From the Can’t-say-they’re-not-trying department: The Tampa Bay Rays are embarking on a small project at their home, Tropicana Field. In an effort to give fans the same kind of wraparound concourse experience seen at many other new ballparks, the Rays will remove four rows of outfield seats and construct some catwalks to fully extend the lower concourse completely around the Trop.
When conceived in the late 80’s, the emphasis was on maximizing space inside the Dome. To accomplish that, access to the outfield seats was at a lower point than the regular lower concourse, so that there could be room for services underneath the seats. This has made the outfield area feel a little closed off. The Rays are making this change in hopes of attracting fans who will linger and walk around, as is done at other ballparks. The glassed-in restaurant in center field is also getting a makeover, making it part of the concourse. The Ray tank will not be affect by the project.
In doing this, the Rays will lower the Trop’s capacity to a mere 31,042, by far the smallest in the majors. They could remove some of the upper deck tarps that artificially limit capacity, but so far have not shown interest in doing so. The project is funded in part by the Rays and by an existing capital improvements fund. Maybe this will help bring in fans, maybe it won’t. It’s something, I guess.
The Rangers are also spending $4 million on small improvements to Rangers Ballpark.
This is just reducing the number of empty seats, no?
@pjk: It’s about allowing fans to more easily walk around the stadium in a continuous path. The rationale is that fans are more likely to spend more money on whatever Tropicana Field’s concourses have to offer. In other words, it’s the WTF does that even mean “fan experience.”
It’s a nice change. It’s always nice to be able to walk around a park. Tropicana was apparently one of those stadiums that didn’t allow for continuous movement around the stadium. The seat reduction just seems to be a byproduct of the additions. That is unless they untarp the seats they’ve had tarped for several years now to offset the outfield loss.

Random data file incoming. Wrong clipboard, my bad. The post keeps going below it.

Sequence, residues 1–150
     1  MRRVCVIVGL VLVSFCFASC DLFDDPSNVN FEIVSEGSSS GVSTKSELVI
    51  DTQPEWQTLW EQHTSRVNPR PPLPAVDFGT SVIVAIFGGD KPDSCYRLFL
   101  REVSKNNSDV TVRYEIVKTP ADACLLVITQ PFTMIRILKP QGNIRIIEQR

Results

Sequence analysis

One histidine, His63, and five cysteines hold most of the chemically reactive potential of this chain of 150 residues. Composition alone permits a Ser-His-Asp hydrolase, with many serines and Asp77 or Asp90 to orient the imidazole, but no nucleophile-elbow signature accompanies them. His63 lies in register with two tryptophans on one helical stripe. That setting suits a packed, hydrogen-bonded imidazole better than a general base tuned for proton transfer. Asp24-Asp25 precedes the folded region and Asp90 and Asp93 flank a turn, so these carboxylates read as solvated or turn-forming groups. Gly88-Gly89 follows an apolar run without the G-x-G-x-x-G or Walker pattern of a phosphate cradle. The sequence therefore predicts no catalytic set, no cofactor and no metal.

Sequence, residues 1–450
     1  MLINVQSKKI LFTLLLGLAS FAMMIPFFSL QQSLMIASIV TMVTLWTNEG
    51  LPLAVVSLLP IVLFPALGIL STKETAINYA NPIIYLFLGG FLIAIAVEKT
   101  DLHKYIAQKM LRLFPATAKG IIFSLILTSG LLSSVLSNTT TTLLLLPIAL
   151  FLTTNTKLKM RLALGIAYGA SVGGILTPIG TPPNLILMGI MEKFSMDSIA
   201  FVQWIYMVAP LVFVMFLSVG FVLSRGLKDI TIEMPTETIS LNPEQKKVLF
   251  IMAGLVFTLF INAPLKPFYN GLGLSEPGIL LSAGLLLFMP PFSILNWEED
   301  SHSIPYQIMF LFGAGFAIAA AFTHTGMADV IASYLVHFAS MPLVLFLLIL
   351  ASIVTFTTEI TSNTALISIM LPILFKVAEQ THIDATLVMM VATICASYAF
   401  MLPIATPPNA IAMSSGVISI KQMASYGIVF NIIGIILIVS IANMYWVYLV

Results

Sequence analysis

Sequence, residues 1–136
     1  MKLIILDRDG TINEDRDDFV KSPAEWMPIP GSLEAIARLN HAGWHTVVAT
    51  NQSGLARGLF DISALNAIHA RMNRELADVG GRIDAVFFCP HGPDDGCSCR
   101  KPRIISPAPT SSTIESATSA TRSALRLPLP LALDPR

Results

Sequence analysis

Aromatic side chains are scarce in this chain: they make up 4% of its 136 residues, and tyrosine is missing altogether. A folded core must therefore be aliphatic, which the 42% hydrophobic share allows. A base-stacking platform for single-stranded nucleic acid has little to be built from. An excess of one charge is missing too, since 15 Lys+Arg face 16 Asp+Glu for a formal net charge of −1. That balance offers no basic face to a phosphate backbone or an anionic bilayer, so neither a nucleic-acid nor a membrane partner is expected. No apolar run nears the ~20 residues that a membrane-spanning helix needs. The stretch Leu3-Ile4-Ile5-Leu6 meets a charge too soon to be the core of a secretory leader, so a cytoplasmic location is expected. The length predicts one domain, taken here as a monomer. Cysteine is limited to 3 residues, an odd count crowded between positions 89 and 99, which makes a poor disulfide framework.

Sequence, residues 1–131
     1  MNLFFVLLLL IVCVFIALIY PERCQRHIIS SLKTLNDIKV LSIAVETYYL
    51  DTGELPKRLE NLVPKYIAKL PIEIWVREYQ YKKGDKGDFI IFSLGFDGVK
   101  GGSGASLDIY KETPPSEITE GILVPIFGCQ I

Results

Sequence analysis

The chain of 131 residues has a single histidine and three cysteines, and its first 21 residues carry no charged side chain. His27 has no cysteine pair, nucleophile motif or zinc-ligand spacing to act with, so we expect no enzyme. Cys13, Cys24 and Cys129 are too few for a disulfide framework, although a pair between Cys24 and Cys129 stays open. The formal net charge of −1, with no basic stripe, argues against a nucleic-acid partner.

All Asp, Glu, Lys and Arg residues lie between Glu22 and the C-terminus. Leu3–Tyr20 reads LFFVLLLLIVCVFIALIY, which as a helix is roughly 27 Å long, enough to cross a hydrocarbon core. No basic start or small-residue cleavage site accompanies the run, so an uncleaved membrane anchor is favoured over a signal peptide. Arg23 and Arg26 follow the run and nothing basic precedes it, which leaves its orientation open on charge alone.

That said it’s not like Tampa’s attendance is terrible. They’re averaging 18,000+ right now. The A’s were right there not two seasons ago.
And by not terrible I mean not Expos bad…
Tampa’s attendance (average of 18,645 per game) had them finishing last in that category.
Disclaimer: don’t know the Tampa area one bit (transportation, economics, population centers, etc.). But couldn’t the Rays keep going with this? Completely renovate the joint with retractable roof, grass field, upgraded concourses/amenities AND go Braves Cobb County with adjacent mixed-use developments? Just curious. (No, this could never happen at the Coli)
Doesn’t someone have to finish last in attendance?
Tony, not really. It’s in a poor location in general compared to their fan base. And the stadium itself is known for being a pit. It doesn’t really have a good framework to make it look good through renovation. This is more lipstick on a pig, do the best with what you got sort of work. They know where they’re playing for a long while to come so they may as well make the investment.
Brian you beat me to it. Every year someone is last. It’s not the place it’s the average. And the Rays average, while not good, is not catostrophic or “move the team now” bad like the Spos was in their latter years.
Brian/Dan, the problem is when you’re frequently at the very bottom, especially while putting a good team on the field. The fewer the fans watching at the park, the fewer watching on TV, the less money you get for ad & TV revenues. It’s sign of a larger issue that makes it very hard to compete. It’s one thing to have a crappy team and lose attendance as a result for a year or two, but pick it back up when you improve. It’s a whole other ballgame if it simply never exists in the first place.
Well given the challenges the Rays have faced, a decade of being downright awful, they play distant from much of the region’s population (they plan in the Tampa Bay equivalent of Marin County or Richmond), they play in what is often cited as one of the two worst stadiums in MLB along with our own, and they play in an area that much of the population already had another favorite team. The generation that has grown up with the Rays being in town is only now entering their 20’s and having the ability to really buy tickets, etc…
Give the Rays a real ballpark somewhere in Tampa (not St. Pete) and two of their problems are solved right there. They’ve been fielding better teams which solves the third, and the fourth takes care of itself in time.
So in other news the Vikings have broke ground on their new stadium.